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Young women who had an 'unplanned' pregnancy in the 50s, 60s and 70s were supposed to be 'bad girls'.
When I was in a Church run Home in 1967, not one of the 30 girls there swore. Nobody used the 'f' word or even the 's' word. Most of them were very capable girls, quite capable of raising their own babies, particularly compared to today’s standards. We were much more mature at an early age, because we had to be. We hadn't been mollycoddled like the young girls today are, we'd fended for ourselves. I had washed my own clothes, including sheets and towels from when I was 9 years old.
The girls ran St Mary's. We had very capable girls who worked in the laundry and others who not only cooked the meals but ordered all of the food.
Most of us knew the father and knew him well, for a period of several years in my case. One girl had been engaged, but had been jilted, she used to cry all day. Another had been prematurely sexualised from an early age, probably by a relative or friend of her family. But she wasn't to blame for that.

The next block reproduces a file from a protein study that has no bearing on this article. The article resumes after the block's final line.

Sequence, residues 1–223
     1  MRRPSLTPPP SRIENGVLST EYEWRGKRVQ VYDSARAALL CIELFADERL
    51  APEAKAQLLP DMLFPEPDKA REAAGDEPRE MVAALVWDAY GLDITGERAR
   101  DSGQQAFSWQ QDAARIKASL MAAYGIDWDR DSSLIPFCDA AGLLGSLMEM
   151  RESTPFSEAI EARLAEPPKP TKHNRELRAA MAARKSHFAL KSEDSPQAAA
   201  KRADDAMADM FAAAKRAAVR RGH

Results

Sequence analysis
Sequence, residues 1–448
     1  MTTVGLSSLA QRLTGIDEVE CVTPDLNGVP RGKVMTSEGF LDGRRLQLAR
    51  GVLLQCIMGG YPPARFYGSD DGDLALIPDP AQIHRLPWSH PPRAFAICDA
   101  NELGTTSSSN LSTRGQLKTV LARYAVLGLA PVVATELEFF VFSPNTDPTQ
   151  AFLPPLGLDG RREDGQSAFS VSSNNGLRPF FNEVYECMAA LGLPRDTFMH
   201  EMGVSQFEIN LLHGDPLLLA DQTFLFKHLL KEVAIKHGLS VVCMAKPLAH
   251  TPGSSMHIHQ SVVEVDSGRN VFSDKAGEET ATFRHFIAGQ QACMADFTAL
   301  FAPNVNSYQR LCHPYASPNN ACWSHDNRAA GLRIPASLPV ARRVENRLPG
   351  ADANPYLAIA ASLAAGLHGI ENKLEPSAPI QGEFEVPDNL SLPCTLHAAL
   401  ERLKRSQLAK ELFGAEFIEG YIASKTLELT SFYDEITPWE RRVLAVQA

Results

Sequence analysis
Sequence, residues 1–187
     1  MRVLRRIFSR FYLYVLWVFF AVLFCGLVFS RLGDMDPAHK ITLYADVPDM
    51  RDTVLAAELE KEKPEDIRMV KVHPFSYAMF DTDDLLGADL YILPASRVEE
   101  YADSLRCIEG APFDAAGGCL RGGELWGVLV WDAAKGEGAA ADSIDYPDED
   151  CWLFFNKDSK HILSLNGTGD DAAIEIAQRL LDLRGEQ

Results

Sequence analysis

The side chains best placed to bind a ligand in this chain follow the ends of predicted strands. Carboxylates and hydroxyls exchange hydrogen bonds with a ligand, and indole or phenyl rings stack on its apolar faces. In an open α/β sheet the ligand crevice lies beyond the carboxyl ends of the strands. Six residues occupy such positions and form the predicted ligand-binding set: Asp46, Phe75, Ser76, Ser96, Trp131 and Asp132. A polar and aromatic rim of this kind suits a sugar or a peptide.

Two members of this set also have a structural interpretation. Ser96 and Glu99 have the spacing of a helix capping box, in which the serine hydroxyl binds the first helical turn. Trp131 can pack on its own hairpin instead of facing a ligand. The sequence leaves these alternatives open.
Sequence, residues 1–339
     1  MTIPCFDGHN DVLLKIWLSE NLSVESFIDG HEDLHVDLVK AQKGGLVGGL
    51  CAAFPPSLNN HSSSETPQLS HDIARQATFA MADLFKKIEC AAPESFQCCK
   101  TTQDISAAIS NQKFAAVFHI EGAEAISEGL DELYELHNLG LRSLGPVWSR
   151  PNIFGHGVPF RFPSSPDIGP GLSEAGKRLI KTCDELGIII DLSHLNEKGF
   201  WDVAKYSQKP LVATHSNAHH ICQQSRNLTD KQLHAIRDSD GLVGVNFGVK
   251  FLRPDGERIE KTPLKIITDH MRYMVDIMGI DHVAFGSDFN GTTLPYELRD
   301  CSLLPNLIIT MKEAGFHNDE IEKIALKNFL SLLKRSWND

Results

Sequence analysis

We were exposed to things at St Mary's that we shouldn't have been. One of the girls’ babies was strangled on its cord. She came back from hospital devastated and nobody knew what to say to her.
Another tried to give birth in the toilets alone at night because she wanted to keep her baby and she was afraid they'd take him off her. We were woken by the flashing lights of an ambulance, as her baby got stuck in her birth canal because she'd pushed too early, and he was severely brain damaged. When she returned with her son, I heard Matron callously say to her 'well you can keep him you silly girl, nobody will want to adopt him now'.
Each of those episodes made me even more compliant. I was afraid something like that would happen to my baby.
My son’s adoptive parents may have been given either one of those baby boys, instead of my son. That was how random adoption was. Nobody knew anything about genetics those days. It was just hit and miss.


I was put into St Mary's Home Toowong. I'd had an unplanned pregnancy to my boyfriend of 2 years. I had just moved interstate, I didn't know Brisbane, didn't know where Toowong was and I didn't have any money. Nobody helped us or gave us any advice, quite the contrary. I felt helpless and alone.